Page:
San Francisco -- regional or international?
Posted 14 October 2002 - 10:30 AM
BUT I noticed that the NYTimes review called SFB (not THAT SFB, Farrell Fan, the other one) an "international level company." However, friends of mine who just saw the company in NY -- 2 critics, 2 not -- both said some variant of, "They're good -- but regional" or "for a regional company."
What do you think, and why?
Posted 14 October 2002 - 10:50 AM
Tuesday and Wednesday nights I'd have said International, without a doubt. But they looked great in ensemble works in which classical style, precision and clarity aren't essential (the two Morris pieces), or in works which could be carried by a few strong dancers (and they certainly have more than a few!). It certainly looks like Tomasson has assembled an interesting and catholic repertory, more so than Martins or McKenzie, it seems, although it's hard to judge on the strength of a few mixed bills.
Thursday was the night of the big tests of how well SFB could do classicism and neoclassicism: Paquita and Rubies. And in these it looked almost more Civic than Regional. I was really surprised and disappointed to see how the company floundered here. In Paquita, the corps looked like they were taking an examination, and doubtful of passing, and in Rubies, like a pickup game of touch football. Was it just an off night? I'd like to think so, but I don't know.
I do know I would be happy to see them again, and hope they return soon.
Posted 14 October 2002 - 10:53 AM
Posted 14 October 2002 - 04:05 PM
The men, among the soloists and the principals, were better than I had expected.
As a company, they excell at crossover ballet. "Night" explored some of the same landscape which Peter Matins attempted to explore in "Harmonielehre," only did so much more profitably and even compellingly.
The basic trouble with Paquita was that the dancers didn't "get" the basic rhythm and phrasing of Petipa, the emphasis on hitting and holding the poses on the upbeats, for example. The question is whether, if you don't do that sort of thing well, you should be doing it at all.
Posted 15 October 2002 - 03:57 AM
By the way, I too heard the loudly shouted bravos from somewhere in the mezzanine level during the performances; I assumed they were from local friends of the dancers.
Posted 15 October 2002 - 04:11 AM
And they've recruited nicely in upper ranks for both men and women. For me, I just haven't figured out their "style" and perhaps that's b/c they've gotten people from the "outside".
I think they perform well, but I'm not sure they're an international company.
Posted 15 October 2002 - 05:42 AM
Anyone see Lorena Feijoo in the lead in Paquita last Sunday?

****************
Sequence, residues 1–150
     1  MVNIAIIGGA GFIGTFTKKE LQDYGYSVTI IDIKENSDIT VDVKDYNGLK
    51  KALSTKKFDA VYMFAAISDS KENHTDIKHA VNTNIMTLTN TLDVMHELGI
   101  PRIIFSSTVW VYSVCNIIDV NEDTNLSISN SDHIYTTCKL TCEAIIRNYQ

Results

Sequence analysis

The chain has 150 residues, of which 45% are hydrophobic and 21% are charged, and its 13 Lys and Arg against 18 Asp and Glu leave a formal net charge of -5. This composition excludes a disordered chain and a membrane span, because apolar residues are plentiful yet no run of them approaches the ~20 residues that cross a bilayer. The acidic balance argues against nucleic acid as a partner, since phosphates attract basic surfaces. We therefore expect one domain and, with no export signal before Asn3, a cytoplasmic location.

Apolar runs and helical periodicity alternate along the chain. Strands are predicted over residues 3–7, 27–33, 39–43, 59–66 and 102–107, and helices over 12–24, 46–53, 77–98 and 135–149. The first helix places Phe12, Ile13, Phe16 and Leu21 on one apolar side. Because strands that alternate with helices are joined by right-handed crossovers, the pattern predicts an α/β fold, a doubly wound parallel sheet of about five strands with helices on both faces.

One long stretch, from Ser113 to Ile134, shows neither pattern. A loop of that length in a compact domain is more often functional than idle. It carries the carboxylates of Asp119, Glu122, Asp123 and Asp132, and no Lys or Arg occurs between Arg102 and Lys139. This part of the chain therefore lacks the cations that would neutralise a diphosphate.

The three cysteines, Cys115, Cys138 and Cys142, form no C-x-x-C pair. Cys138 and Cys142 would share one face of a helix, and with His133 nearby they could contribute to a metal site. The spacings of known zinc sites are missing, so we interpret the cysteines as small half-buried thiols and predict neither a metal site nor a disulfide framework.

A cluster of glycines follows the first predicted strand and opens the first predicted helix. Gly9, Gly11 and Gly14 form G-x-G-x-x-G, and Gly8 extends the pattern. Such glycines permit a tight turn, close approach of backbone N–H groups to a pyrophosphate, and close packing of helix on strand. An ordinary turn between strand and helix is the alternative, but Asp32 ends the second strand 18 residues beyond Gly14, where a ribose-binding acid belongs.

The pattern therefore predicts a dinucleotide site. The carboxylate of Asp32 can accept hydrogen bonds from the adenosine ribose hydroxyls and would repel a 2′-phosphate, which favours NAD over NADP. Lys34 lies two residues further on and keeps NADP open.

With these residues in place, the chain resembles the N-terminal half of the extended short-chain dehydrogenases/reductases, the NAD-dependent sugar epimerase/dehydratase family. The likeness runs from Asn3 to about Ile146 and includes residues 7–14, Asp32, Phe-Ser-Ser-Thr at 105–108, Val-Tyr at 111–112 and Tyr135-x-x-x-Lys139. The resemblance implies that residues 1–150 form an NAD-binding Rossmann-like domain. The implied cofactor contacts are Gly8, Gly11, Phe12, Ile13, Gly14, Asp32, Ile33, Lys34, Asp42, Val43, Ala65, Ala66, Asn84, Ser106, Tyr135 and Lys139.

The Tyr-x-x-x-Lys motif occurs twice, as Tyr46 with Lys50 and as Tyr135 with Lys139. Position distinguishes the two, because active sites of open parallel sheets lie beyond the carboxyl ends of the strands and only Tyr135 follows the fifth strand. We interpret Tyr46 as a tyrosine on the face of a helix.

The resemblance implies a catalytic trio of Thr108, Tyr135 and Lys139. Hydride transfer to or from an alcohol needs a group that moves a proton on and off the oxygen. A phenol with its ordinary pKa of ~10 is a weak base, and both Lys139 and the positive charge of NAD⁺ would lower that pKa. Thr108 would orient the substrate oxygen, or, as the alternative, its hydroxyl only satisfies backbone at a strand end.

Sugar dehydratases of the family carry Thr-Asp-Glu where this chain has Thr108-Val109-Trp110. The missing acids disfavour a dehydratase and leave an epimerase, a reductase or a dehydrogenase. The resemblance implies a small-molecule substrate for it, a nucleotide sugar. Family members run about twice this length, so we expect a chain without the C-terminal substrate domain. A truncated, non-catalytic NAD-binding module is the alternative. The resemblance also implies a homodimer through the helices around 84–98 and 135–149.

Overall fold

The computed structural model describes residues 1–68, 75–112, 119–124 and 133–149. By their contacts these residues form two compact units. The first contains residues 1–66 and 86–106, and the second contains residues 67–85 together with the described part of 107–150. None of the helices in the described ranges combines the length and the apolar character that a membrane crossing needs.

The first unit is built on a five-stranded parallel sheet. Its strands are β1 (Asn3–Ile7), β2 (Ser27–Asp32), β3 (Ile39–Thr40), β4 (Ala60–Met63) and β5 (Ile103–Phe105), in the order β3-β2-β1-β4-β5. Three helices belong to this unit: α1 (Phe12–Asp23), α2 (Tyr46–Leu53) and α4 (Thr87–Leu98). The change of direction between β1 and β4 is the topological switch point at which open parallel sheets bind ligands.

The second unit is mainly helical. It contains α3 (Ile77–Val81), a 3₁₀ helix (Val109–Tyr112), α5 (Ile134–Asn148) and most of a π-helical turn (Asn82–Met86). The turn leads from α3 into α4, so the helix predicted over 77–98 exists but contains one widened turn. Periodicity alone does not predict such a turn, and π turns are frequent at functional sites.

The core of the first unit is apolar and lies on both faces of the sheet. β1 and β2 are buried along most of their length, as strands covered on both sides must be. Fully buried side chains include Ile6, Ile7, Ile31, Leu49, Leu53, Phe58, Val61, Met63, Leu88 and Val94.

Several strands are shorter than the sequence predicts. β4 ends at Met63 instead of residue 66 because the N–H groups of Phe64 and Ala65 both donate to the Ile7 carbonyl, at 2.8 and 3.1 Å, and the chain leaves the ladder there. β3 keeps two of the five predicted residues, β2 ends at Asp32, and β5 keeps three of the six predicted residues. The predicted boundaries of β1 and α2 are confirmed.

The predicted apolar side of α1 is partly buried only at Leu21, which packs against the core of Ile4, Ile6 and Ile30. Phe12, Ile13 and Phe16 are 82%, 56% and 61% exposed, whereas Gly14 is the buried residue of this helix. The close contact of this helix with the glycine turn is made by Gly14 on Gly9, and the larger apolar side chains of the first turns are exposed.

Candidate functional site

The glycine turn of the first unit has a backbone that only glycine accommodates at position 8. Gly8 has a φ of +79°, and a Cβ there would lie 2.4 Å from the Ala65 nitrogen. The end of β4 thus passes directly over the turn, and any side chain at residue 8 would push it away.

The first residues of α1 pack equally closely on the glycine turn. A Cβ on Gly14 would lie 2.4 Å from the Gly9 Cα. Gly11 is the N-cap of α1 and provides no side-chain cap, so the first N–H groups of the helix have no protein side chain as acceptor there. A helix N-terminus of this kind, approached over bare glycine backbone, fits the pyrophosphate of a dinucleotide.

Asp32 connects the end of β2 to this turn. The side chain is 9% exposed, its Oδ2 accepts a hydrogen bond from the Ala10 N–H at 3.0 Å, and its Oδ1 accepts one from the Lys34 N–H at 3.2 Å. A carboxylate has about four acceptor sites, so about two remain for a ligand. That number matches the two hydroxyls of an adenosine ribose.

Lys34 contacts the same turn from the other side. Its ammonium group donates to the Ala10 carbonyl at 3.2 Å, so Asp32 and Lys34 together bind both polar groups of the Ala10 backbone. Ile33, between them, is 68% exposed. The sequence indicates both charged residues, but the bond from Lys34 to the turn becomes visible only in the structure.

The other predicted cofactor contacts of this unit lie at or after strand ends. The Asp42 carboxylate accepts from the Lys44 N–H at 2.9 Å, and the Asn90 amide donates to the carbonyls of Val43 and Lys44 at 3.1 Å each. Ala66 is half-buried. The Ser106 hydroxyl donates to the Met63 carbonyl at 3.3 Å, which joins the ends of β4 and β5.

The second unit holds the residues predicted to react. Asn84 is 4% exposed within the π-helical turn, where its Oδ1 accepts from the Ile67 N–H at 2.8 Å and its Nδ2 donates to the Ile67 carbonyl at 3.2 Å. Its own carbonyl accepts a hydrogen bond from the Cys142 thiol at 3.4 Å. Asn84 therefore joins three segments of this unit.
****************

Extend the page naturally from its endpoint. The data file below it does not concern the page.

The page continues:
Posted 15 October 2002 - 05:50 AM
Posted 15 October 2002 - 10:51 AM
However, I think it is unfair to judge a company without seeing it its home theater or on just a few visits. But from seeing the company on its last few tours to New York, reading reviews from San Francisco as well as from its trips abroad, I think I would rank SFB as just under NYCB and ABT, but above or tied with Miami City Ballet atop the National companies. One thing that impressed me is that SFB got pretty good reviews on its recent trips to Europe (Miami did as well) while Pacific Northwest Ballet got mixed notices on its recent London visit.
I have a feeling Washington D.C. viewers next month will give SFB even better notices as the rep is a little less "classical." I certainly wouldn't mind having SFB as my home company.
Posted 15 October 2002 - 02:43 PM
Leigh's post about assimilating and assessing the style of an unfamiliar company (and the discussion on another thread of dueling critics) reminds me of a classic face-off between Clive Barnes and Arlene Croce over the Stuttgart, with Barnes hailing Cranko and company as a great new international force and Croce not agreeing, to put it mildly. You would have thought, did these two see the same company?
Posted 16 October 2002 - 08:16 AM
Posted 16 October 2002 - 08:49 AM
I don't think anybody used this definition to explain why SFB should be considered an international or national level ballet company.
You see the company more often -- where do you think the company stands?
Posted 16 October 2002 - 10:39 AM
Posted 16 October 2002 - 11:26 AM
If you are judging SFB to be a regional company because they don't use their feet to your liking then ABT should be a regional company as well. I have never seen such floppy fish feet on a professional company as I saw in Giselle last year.
Does a regional company tour to Athens and London? Does a regional company score new ballets by the most major choreographers in the world? Does a regional company have a $25 million budget?
There are many people who believe that any company based outside of New York is a "regional" company. The same people who call SF Ballet a regional company often call SF Opera a regional company. This distinction for both companies are ridiculous.
I've seen this discussion many times and every time I throw up my hands. It is a waste of time.
Posted 16 October 2002 - 11:50 AM
NYCB and ABT established themselves early on as "road" companies and I think in order to "recruit" audiences you need to tour. It's not enough to say you have a great rep and fabulous dancers if no one sees you.
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